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Sunday, March 2, 2014

Quality time with my daughter

My daughter this year choose to do something different from the usual "biology" science fair project.
She choose to build an electric motor and do some tests to see how is possible to improve the conversion of electricity into kinetic energy.
So it was natural my direct involvement in this.

The science fair project had some specific guidelines and "things to do", but from a more practical point of view, the first thing to do was  to build a basic electric motor.
We found  a lot of suggestions on the net about how to do so. In the end the choice depended about the availability of material and simplicity of building.
Here a brief video showing the motor running.

video

Oh ... she won the Third place for her category at school :)
She also participated to the regional science fair. Unfortunately the motor broke down during the presentation (see notes "Problems" at the end of this article)

Third place for the category

Building a motor

There are many ways to build an electric motor and there are many types of electric motors.
There are AC motors and DC motors.
The object of the experiment was to show how some components of the motor could affect it's performance, when changed.
So we picked up one of the basic-simple type of electric motor, a DC static magnet rotor motor.
The type of motor we wanted to build, had fixed magnet on the moving part (rotor) and an electromagnet on the base (stator).
Many commercial motors have the electromagnet on the rotor and the fixed magnets in the stator, or both electromagnets for rotor and stator, but they are more complex since it must exists a way to bring the electricity on the rotor, a moving part.

Principle


The type of electric motor we choose to build  is extremely simple.
The idea is to have two or more magnets on the rotor. The magnets need to be "paired", i.e. they need to be aligned to themselves.
This simple schematic can help to understand the principle.
When a magnet is close to the Reed switch (a switch activated by a magnetic field) it powers the electromagnet.
The electromagnet generates a magnetic filed with the same polarity of the magnet glued to the rotor, "kicking" it and thus forcing the rotor to spin.
As soon the rotor starts to spin the magnet close to the Reed switch is going away, thus the electromagnets cease to work.
The rotor however continues to rotate for mechanical inertia until the sequence restart, i.e. magnet close to reed switch, electromagnet activated, kick to the other magnet, and so on.

There are some constrains :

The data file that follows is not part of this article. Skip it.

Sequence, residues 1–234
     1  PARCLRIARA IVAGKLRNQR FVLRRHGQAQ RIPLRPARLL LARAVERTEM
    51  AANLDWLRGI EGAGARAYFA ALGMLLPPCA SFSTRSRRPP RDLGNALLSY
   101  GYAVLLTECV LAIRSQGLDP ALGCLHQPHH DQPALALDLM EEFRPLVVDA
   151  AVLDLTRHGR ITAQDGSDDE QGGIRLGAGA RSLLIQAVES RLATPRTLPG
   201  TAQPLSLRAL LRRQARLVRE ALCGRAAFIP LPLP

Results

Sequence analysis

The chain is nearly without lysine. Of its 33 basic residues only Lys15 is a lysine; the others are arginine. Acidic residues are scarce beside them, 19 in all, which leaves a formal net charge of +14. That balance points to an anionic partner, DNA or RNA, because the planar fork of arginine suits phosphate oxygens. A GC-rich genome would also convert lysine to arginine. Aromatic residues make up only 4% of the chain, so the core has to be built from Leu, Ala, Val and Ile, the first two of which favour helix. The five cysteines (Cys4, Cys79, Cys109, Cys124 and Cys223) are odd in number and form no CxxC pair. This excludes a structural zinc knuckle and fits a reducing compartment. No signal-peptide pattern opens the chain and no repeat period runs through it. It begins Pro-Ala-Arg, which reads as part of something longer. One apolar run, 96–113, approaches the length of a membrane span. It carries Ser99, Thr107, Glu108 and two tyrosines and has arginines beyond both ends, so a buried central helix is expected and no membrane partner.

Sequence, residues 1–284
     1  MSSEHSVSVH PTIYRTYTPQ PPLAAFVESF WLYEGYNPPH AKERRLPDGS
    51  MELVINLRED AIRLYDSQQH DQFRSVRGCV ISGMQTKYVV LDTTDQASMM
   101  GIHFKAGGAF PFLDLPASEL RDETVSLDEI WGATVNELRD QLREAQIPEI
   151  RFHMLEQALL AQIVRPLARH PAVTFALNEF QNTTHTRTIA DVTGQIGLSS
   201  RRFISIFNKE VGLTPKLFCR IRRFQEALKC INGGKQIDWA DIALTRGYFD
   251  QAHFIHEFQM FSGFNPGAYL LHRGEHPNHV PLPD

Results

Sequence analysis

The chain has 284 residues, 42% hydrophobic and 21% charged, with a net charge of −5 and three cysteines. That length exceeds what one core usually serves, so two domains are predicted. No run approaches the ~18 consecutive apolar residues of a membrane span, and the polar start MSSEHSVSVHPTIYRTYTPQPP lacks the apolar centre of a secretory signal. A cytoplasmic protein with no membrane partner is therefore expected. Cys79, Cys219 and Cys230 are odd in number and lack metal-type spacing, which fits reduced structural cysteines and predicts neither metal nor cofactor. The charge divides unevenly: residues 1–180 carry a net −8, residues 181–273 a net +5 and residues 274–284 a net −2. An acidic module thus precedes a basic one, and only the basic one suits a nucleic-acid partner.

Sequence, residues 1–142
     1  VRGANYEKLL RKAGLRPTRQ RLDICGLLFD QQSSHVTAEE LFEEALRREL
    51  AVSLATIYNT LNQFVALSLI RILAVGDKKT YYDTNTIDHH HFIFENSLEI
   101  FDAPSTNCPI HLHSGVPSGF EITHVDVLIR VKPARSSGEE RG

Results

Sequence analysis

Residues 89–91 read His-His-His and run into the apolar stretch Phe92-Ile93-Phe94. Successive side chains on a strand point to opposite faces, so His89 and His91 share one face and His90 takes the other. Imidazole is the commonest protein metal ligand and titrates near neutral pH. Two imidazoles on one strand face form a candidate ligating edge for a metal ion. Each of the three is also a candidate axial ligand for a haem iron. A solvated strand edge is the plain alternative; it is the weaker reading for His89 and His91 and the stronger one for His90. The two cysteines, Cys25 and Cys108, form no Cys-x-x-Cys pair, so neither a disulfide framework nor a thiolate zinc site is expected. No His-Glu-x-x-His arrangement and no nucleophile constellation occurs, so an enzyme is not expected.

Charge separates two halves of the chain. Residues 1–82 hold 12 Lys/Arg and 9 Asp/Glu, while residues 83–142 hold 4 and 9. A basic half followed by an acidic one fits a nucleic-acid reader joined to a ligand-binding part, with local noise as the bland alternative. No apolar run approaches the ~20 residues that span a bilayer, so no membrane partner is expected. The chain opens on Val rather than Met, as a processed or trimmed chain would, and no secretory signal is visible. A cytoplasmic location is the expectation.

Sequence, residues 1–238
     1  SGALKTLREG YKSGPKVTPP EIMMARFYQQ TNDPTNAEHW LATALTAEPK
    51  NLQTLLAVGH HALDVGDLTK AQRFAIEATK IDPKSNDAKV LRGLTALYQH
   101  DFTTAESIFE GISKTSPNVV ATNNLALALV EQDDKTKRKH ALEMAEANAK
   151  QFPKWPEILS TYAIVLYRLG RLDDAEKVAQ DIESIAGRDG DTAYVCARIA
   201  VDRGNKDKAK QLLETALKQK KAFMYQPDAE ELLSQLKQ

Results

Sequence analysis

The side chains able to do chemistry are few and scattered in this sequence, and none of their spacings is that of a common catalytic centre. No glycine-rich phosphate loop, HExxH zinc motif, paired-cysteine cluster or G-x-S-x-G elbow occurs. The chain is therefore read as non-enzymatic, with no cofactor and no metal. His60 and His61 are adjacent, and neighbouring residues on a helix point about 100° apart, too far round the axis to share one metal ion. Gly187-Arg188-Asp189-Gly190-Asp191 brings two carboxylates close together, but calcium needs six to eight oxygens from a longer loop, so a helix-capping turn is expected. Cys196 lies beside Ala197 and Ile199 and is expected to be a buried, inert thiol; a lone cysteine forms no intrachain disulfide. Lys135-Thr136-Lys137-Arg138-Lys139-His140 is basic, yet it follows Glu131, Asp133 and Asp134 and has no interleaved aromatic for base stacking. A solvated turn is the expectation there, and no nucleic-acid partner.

• the magnets need to be glued on the rotor facing with the same pole
  • the position of the Reed switch must be as much as possible aligned with the position of the electromagnet
  • the distance between the Reed switch and the magnet on the rotor is critical. If too far the Reed switch is not activating.
  • the distance between the electromagnet and the rotor is critical too. If too close the magnet on the rotor "attach" to the electromagnet when it is disabled.


Rotor

The rotor is the part of the motor that "rotates" and, for the experiment, is the part we decided to change in order to evaluate the performance of the motor.
The rotors were  built using an empty thread spool, magnets and office pins.
Two or more magnets (always in pair) were  glued on the spools and two pins were glued on the spool central hole to form the axe.



Gluing the magnets on the spool

The spools with the inserted pins to form the axe

We chose to orient the static magnets on the rotor with the South pole facing out, mainly because the RPM meter sensor works on the South pole of a magnet.
We used a simple app for a smartphone to determine the magnet polarity.

Stator

The stator is, for our purposes, everything around the rotor.
We used a wooden base and wooden blocks to build the support for the rotor, the electromagnet, the Reed switch and accessories (main switch, RPM meter, ecc.)

The basic components of the stator, a wooden base and wooden blocks

The electromagnet was connected to a battery and a Reed switch.
The Reed switch is necessary because we need to turn on and off the electromagnet in order to generate a magnetic field only when a rotor's magnet is close by.

Electromagnet

We needed something metal and an insulated electric wire in order to build a coil around the metal part.
Since we used  using small voltage for the project (up to 4.5 Volt) we needed a lot of wire.
We used a nail as metal core of the electromagnet, with the wire coiled directly around it.
We used a drill to facilitate the winding of the wire around the nail